Not losing is winning.
“Take the probability of loss times the amount of possible loss from the probability of gain times the amount of possible gain. That is what we’re trying to do.” – Charlie Munger
In 2002, Daniel Kahneman won the Nobel prize in economics for his groundbreaking work in applying psychological insights to economic theory, particularly in the areas of judgment and decision-making under uncertainty. In 2017, the Nobel prize in economics went to his long-time collaborator, Richard Thaler, for exploring the biases and cognitive shortcuts that affect how people absorb and process information. Their books, Nudge, Misbehaving, Thinking, Fast and Slow, went on to become best sellers and hugely influential.
When it comes to investing, their biggest observation is that people prefer to avoid losing compared to gaining the equivalent amount.
This leads to poor investment outcomes because investors use their “lizard brain,” ignoring probabilities and expected returns.
Imagine, you are asked to spend a month in a deserted island that has no food. You are allowed to fill a sack with anything you want and take it with you. What will you fill it with?
The “rational” answer is potatoes. It is one of the most nutritious vegetables known to us. It is a good source of many vitamins and minerals, such as potassium and vitamin C. Aside from being high in water when fresh, potatoes are primarily composed of carbs and contain moderate amounts of protein and fiber. (Potatoes 101)
Now, what if you are allowed to take 7 sacks? A normal person would probably still fill one sack with potatoes but go on to fill the other 6 with different types of food. After all, who, in their right mind, would like to eat potatoes every day for 30 days? Economists, however, would label this person “irrational” because he did not take 7 full sacks of potatoes with him.
Rationality is context dependent. By viewing all decisions from within a context-independent model, an economist might arrive at the conclusion that people are irrational. But, so what?
Prospect in Theory but not Prosperous in Practice
Prospect theory, summarized in the chart above, simply states that carriers of value are changes in wealth or welfare – rather than final outcomes. In theory, a smart investor should be able to exploit this irrationality, along with a million other behavioral weaknesses, and make bank. But in practice, the theory has been a bit of a let down in that area.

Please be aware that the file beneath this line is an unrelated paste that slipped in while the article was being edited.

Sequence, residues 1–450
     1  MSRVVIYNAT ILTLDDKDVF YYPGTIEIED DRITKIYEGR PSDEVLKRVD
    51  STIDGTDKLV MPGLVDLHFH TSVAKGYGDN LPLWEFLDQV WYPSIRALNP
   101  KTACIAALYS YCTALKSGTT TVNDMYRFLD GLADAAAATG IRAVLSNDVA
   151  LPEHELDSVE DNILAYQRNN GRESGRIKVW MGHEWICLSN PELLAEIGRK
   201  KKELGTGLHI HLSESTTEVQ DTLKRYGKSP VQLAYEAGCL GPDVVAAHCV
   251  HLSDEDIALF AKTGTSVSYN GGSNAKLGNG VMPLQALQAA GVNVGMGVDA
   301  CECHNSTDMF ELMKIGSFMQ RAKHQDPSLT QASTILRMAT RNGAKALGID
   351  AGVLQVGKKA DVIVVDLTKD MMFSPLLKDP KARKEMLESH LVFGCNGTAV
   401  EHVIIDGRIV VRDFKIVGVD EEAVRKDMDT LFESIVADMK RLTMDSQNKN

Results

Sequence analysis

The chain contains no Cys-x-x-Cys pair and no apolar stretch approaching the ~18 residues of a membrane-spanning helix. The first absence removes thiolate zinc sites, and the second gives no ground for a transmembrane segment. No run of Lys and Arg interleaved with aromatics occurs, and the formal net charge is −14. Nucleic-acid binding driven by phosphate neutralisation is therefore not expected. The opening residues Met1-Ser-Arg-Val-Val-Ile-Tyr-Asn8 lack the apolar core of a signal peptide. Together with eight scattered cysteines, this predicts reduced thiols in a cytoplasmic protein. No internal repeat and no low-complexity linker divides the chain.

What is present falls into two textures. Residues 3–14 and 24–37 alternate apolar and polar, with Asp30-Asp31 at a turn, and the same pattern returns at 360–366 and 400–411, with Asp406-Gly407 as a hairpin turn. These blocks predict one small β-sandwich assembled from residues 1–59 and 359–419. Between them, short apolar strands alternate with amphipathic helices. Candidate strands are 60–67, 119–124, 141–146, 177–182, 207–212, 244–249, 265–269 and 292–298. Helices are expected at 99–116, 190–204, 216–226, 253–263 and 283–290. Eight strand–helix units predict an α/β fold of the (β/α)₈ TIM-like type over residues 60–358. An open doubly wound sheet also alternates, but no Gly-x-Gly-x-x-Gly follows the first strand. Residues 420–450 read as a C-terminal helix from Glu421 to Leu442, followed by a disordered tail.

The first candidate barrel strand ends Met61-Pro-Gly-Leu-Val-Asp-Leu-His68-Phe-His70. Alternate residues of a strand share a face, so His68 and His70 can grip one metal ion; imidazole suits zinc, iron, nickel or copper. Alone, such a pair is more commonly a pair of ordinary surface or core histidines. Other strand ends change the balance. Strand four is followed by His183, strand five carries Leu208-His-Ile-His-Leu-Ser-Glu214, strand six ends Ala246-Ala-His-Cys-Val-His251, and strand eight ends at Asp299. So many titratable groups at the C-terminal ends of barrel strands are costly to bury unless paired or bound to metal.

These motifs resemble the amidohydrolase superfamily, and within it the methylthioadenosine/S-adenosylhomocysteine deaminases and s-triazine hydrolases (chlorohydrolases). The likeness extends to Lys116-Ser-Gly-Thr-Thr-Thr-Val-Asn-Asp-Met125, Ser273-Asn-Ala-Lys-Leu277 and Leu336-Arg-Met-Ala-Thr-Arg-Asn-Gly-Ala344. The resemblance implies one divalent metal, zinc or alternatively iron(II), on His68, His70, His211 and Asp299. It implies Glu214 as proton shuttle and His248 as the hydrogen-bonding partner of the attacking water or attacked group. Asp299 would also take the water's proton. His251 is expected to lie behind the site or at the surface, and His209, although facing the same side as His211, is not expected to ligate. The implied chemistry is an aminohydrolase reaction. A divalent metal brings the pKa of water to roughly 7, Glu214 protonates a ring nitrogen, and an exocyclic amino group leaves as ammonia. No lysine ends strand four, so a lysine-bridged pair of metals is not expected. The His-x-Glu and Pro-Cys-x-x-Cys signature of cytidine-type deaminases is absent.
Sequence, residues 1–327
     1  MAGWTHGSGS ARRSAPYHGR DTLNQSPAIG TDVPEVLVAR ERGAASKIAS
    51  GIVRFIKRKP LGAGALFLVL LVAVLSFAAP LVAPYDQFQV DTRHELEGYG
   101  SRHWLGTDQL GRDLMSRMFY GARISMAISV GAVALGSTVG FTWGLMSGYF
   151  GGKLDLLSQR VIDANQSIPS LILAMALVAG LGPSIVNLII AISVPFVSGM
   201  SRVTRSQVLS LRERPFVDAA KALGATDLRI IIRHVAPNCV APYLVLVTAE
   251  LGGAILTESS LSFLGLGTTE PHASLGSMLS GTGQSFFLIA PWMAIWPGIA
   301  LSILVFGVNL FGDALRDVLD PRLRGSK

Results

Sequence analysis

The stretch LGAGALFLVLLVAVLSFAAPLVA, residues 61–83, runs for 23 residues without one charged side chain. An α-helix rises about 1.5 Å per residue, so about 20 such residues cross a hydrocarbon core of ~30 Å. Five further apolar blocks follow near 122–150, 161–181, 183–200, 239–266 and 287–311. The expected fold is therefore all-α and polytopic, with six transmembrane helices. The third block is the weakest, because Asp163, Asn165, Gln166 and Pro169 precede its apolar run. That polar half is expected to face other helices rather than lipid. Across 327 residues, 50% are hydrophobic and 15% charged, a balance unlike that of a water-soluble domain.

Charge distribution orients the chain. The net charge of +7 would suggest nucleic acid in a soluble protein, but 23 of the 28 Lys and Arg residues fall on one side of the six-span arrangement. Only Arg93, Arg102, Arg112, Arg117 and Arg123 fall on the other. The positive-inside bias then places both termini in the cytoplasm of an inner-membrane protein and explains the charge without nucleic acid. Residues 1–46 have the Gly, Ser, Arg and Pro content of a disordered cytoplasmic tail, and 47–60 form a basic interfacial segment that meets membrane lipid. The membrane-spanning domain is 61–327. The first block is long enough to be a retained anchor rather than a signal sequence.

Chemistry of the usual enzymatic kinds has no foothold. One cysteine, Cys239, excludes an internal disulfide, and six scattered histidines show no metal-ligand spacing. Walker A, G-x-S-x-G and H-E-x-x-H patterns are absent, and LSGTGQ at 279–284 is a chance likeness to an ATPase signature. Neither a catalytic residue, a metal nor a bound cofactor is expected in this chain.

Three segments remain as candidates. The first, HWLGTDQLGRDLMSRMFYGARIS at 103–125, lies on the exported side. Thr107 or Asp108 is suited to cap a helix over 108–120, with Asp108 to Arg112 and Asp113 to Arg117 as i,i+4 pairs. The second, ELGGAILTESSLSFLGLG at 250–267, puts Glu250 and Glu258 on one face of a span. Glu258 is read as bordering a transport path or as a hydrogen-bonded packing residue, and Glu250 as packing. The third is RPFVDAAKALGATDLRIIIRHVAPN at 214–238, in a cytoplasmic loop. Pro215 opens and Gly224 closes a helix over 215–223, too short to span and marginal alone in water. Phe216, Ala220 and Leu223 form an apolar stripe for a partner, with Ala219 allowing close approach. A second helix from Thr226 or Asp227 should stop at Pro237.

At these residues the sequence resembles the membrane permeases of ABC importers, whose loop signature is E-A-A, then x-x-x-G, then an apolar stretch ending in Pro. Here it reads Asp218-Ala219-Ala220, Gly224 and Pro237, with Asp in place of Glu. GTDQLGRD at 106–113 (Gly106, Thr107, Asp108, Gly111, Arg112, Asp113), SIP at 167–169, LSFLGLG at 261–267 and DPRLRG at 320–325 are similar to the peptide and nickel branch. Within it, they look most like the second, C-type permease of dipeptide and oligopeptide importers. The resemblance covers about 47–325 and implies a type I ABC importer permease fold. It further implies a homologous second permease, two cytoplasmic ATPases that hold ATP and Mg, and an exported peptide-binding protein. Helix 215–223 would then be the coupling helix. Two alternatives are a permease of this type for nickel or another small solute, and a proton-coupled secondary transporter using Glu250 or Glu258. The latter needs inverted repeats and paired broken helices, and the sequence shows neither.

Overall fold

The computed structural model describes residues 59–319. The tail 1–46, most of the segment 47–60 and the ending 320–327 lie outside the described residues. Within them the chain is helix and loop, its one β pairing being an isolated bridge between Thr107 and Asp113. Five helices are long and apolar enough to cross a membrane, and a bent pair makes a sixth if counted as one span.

Thaler is a principal in Fuller & Thaler Asset Management Inc. that runs $6.1 billion in the small-cap Undiscovered Managers Behavioral Value Fund and $261 million in the Fuller & Thaler Behavioral Small-Cap Equity Fund.
After 5 years, these funds haven’t beaten a simple market-cap weighted small-cap ETF.
Fat-tails and Geometric Compounding
In the markets, it is entirely possible to lose years of returns in a single month. Low probability events with high severity can wipe out even the smartest investor.
Combine this with geometric compounding – a 50% loss requires a 100% gain from the bottom to bring the investor to break-even – and the preference to avoid losses doesn’t look that “irrational.”
The model, silly!
Perhaps, the problem is not with people but with the model being used to judge them. There is a big difference between tossing a hundred coins simultaneously and tossing them one after another. Behavioral economics uses a flawed model that treats them the same and labels us “irrational.” But, if you look at the world through the lens of non-ergodicity, actual investor behavior is not too far off the mark.
To make an economic decision, I want to know how my personal fortune grows or shrinks under different scenarios, not how the average person’s fortune grows or shrinks.
I don’t care that the average person “wins” at Russian Roulette, I care about what happens to me if I keep playing over time. Taylor Pearson
While the field of behavioral economics is interesting and it’s a good insight to how people behave in business and investing, one should ask themselves that if bad behavior is so pervasive, then (a) how come investing using that model has been a failure, and (b) if the model labels everything it sees as bad, then perhaps the model itself is wrong?